In the 1962–63 South African season, Pollock finished second in the averages, scoring 839 runs including three centuries at an average of 69.66. The highlight of his season was scoring 209 not out for an Eastern Province Invitational XI against the International Cavaliers, which included bowlers such as Richie Benaud and Graham McKenzie. Benaud was to describe the innings as “magnificent”, later saying “I knew I was watching a champion.” Aged 19, Pollock was the youngest South African to score a double-century in first-class cricket.
Graeme was 19 years of age when he destroyed the Aussie attack during the 1963/64 tour in Adelaide scoring 175, when he and Eddie Barlow added 341 for the third wicket in 283 minutes – a record South African partnership. Charles Fortune, one of the world’s best known cricket commentators, was broadcasting the game.
- “Graeme has just torn the Australian spin attack of Simpson and Benaud to shreds and tatters.” ~ Charles Fortune
- “Former Australian captain, Victor Richardson, was in the commentary box. I looked towards him, cocked an eyebrow as my way of saying ‘Your turn’, and then came the great Australian’s words: ‘Charles you keep it. Let me just watch him. I’m too full of joy to talk.’” ~ Charles Fortune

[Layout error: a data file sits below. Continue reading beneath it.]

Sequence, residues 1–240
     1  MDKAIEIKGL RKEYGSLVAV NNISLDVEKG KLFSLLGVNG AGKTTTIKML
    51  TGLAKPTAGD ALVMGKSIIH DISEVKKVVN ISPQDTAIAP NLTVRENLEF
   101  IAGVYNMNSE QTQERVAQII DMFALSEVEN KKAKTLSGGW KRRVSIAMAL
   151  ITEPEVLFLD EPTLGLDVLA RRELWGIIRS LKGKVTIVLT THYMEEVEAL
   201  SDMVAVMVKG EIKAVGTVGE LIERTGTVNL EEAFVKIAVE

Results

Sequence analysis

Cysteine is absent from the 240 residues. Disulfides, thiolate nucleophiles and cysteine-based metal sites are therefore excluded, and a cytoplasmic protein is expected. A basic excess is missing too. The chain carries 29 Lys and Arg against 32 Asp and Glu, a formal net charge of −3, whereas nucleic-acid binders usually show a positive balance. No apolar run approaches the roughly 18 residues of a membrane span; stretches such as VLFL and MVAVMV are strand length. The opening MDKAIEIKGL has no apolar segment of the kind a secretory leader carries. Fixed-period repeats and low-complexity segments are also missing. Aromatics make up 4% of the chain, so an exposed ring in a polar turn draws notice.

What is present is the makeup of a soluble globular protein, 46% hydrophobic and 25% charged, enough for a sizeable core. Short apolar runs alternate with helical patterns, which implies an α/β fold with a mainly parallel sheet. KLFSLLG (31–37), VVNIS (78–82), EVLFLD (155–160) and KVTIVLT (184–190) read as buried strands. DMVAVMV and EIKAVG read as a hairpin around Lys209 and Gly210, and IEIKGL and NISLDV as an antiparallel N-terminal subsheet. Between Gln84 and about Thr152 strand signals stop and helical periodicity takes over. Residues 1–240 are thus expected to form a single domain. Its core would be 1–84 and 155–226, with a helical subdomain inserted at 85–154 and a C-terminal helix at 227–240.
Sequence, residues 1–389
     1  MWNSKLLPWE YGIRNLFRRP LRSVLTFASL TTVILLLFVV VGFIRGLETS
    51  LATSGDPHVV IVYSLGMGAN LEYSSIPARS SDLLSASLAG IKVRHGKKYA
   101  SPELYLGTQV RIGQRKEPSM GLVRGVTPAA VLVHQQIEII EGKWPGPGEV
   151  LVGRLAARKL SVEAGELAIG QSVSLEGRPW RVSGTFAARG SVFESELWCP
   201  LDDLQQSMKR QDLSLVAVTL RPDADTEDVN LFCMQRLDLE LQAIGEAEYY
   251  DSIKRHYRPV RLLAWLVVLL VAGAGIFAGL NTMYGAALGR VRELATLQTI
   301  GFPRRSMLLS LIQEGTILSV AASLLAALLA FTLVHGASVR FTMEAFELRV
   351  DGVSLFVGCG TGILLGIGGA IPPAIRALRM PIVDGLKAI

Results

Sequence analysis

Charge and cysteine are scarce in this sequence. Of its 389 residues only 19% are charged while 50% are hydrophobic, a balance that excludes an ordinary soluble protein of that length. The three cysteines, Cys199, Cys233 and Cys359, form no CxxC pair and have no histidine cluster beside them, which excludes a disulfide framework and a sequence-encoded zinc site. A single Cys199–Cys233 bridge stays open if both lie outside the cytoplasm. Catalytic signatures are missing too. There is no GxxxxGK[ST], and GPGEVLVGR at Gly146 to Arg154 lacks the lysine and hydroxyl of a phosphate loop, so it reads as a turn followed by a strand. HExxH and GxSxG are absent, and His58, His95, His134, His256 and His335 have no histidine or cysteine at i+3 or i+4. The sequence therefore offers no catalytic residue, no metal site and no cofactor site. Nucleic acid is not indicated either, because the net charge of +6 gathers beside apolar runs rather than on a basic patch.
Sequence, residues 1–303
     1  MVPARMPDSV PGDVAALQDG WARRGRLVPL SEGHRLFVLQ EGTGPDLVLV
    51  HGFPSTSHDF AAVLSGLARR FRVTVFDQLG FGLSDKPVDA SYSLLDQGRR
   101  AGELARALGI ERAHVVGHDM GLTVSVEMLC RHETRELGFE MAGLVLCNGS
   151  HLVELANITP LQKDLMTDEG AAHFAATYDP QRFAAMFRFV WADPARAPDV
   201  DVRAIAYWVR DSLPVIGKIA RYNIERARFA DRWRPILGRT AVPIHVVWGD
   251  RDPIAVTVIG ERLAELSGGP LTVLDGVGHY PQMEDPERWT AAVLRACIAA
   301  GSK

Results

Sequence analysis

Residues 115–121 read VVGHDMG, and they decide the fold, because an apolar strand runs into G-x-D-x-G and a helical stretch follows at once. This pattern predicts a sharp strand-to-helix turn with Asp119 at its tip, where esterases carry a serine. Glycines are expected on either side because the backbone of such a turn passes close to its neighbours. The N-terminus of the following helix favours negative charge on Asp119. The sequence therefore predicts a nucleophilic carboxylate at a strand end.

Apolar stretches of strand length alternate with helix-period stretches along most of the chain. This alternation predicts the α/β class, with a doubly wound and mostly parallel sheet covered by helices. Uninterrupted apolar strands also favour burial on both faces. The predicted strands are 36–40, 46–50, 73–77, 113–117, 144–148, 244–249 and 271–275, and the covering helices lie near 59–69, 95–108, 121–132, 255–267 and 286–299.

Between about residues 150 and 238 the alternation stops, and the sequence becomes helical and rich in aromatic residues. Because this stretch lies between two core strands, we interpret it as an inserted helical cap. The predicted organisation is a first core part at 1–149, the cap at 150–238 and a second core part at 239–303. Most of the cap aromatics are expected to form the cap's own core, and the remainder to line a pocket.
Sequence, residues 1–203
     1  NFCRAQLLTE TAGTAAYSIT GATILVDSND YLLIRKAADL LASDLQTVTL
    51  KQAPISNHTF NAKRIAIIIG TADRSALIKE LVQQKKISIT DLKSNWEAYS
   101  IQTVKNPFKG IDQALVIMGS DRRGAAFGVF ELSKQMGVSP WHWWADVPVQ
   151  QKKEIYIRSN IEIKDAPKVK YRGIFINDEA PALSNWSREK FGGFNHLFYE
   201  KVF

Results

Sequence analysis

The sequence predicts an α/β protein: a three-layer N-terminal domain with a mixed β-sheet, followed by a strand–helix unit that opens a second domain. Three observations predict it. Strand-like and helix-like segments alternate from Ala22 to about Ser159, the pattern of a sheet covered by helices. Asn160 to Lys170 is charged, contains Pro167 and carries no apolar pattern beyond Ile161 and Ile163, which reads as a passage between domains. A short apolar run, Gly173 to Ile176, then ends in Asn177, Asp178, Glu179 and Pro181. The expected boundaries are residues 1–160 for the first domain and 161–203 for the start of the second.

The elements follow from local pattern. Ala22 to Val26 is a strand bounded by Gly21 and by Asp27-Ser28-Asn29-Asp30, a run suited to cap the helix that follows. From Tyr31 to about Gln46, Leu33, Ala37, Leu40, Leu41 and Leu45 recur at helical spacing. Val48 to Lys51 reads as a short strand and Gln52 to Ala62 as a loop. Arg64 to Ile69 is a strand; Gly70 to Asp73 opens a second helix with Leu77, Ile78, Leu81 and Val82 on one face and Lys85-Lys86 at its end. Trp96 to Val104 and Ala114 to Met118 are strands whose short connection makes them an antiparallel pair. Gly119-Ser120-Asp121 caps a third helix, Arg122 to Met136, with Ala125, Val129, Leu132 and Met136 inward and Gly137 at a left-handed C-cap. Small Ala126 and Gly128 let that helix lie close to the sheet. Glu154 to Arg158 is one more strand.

- Denis Compton watching Graeme at Trent Bridge in 1965 said; “I’ve seen them all. Don Bradman, Walter Hammond, Stan McCabe, but I don’t believe I have seen a better innings.”
- Jackie McGlew ~ “Graeme Pollock is very simply one of the greatest cricketers ever. No batsman in South African history has ever dominated the scene for so long and so indisputably by sheer prowess and presence as Robert Graeme Pollock.”
- Dennis Compton ~ “His batting had a poetic quality mixed with the spirit of the eternal schoolboy”.
- “He was like the lucky guy you knew who never got the flu… somehow you always felt Pollock was over the ball; it never seemed to be over him” ~ Hylton Ackerman
Pollock moved from Eastern Province and Port Elizabeth to Transvaal in the 1978-79 cricket season. But, as a firm South African patriot, he never sought employment abroad at any stage of his career.
Graeme continued, in the time of isolation from 1983 to 1987, to play a further 17 unofficial tests against English, Sri Lankan, West Indian (2 series) and Australian (2 series) “rebel” teams. His final game for South Africa was at St George’s Park where he played so many of his memorable innings, and his final knock was no exception. The opponents on this final occasion was the Australian Rebel XI led by Kim Hughes with a bowling attack consisting of Hogg, Alderman, McCurdy and Hohns. Graeme said farewell to a capacity St George’s Park crowd with a brilliant 144.
Graeme Pollock videos:
Connect with Graeme on Twitter as he introduces another in the Pollock Dynasty:
A new generation of Pollock’s on the way pic.twitter.com/QLa08rlmjO
— Graeme Pollock (@Graeme_Pollock) February 27, 2013